Availability of data and materials

The raw data used in this study have been shared in Figshare (DOI: 10.6084/m9.figshare.10278155.)

Compliance with ethical standards

Ethics approval and consent to participate

All procedures performed in studies involving human participants were in accordance with the ethical standards of the institutional and/or national research committee (Miyagi Cancer Center, reference number: No. 4, March 13, 2019) and with the 1964 Declaration of Helsinki and its later amendments or comparable ethical standards. This article does not contain any studies with animals performed by any of the authors.

Informed consent

According to the local ethics policy for the retrospective analysis of anonymized in-house clinical data, information about this study and a means of opting out were posted on a website.

Consent for Publication

Not applicable

Competing Interests

The authors declare that they have no competing interests.

References

  1. Browner I, Carducci MA. Palliative chemotherapy: Historical perspective, applications, and controversies. Semin Oncol 32 (2005): 145-155.
  2. Wheatley-Price P, Ali M, Balchin K, et al. The role of palliative chemotherapy in hospitalized patients. Curr Oncol 21 (2014): 187-192.
  3. Crosara Teixeira M, Marques DF, Ferrari AC, et al. The effects of palliative chemotherapy in metastatic colorectal cancer patients with an ECOG performance status of 3 and 4. Clin Colorectal Cancer 14 (2015): 52-57.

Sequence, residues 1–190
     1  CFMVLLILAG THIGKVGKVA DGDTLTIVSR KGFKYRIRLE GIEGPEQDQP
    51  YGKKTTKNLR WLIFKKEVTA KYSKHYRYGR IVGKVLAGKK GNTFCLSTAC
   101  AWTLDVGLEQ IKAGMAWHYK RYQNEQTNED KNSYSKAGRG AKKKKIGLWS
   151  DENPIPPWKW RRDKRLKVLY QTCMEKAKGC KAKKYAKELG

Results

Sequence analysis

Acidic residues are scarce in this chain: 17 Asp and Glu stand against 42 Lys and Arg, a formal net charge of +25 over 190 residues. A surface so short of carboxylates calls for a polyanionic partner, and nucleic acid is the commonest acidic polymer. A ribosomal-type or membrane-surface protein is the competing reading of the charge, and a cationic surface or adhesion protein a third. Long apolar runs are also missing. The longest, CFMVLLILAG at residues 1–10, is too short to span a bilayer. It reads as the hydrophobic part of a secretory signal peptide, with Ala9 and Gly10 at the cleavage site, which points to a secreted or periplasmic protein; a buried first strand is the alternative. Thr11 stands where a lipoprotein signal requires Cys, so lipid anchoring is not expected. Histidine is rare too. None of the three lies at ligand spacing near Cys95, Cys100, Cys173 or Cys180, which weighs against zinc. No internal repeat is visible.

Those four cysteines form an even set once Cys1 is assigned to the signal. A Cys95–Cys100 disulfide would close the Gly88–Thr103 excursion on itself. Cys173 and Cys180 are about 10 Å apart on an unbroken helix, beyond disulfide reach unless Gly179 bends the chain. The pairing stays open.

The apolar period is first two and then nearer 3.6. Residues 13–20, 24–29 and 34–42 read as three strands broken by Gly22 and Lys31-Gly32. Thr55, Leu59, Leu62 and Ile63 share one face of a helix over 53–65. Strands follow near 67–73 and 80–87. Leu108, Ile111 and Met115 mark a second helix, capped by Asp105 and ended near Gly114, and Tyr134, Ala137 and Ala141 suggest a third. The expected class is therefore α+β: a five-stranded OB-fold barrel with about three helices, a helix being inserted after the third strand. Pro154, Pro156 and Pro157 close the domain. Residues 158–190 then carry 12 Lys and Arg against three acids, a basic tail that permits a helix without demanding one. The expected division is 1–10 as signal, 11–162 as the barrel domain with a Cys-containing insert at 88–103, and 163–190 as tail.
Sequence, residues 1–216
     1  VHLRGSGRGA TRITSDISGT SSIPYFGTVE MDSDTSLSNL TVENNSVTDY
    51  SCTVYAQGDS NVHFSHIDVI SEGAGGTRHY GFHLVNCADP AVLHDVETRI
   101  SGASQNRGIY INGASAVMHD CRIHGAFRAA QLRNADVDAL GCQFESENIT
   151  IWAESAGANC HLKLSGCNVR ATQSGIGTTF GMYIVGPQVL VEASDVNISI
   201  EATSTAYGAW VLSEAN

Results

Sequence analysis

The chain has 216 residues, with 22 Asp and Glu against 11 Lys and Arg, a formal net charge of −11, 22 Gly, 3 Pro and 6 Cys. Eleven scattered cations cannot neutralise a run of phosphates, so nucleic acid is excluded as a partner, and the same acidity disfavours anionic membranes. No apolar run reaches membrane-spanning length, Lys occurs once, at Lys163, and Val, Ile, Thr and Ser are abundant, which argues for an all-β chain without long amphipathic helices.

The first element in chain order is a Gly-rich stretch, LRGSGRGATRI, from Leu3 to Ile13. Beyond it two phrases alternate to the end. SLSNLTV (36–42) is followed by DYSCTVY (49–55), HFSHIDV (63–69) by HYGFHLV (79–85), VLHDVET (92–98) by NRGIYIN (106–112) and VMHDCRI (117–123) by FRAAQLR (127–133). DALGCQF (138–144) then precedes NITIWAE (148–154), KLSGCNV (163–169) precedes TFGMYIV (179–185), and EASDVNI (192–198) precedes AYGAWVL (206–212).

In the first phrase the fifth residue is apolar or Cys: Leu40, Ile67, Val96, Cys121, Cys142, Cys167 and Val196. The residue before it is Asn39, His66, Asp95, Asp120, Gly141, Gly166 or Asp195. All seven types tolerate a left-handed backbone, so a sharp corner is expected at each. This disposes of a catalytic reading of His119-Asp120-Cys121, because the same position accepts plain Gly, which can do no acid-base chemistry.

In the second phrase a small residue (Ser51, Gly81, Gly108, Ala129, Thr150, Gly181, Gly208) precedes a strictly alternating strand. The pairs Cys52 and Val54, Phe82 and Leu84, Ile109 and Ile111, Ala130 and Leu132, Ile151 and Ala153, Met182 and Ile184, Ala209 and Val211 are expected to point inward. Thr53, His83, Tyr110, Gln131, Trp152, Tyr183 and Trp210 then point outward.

4. Schnipper LE, Smith TJ, Raghavan D, et al. American Society of Clinical Oncology identifies five key opportunities to improve care and reduce costs: The top five list for oncology. J Clin Oncol 30 (2012): 1715-1724.
  5. Murakawa Y, Sakayori M, Otsuka K. Impact of palliative chemotherapy and best supportive care on overall survival and length of hospitalization in patients with incurable Cancer: A 4-year single institution experience in Japan. BMC Palliat Care 18 (2019): 45.
  6. Prince RM, Powis M, Zer A, et al. Hospitalisations and emergency department visits in cancer patients receiving systemic therapy: Systematic review and meta-analysis. Eur J Cancer Care (Engl) 28 (219): 12909.
  7. Bray F, Ferlay J, Soerjomataram I, et al. Global cancer statistics 2018: GLOBOCAN estimates of incidence and mortality worldwide for 36 cancers in 185 countries. CA Cancer J Clin 68 (2018): 394-424.
  8. Katanoda K, Kamo K, Saika K, et al. Short-term projection of cancer incidence in Japan using an age-period interaction model with spline smoothing. Jpn J Clin Oncol 44 (2014): 36-41.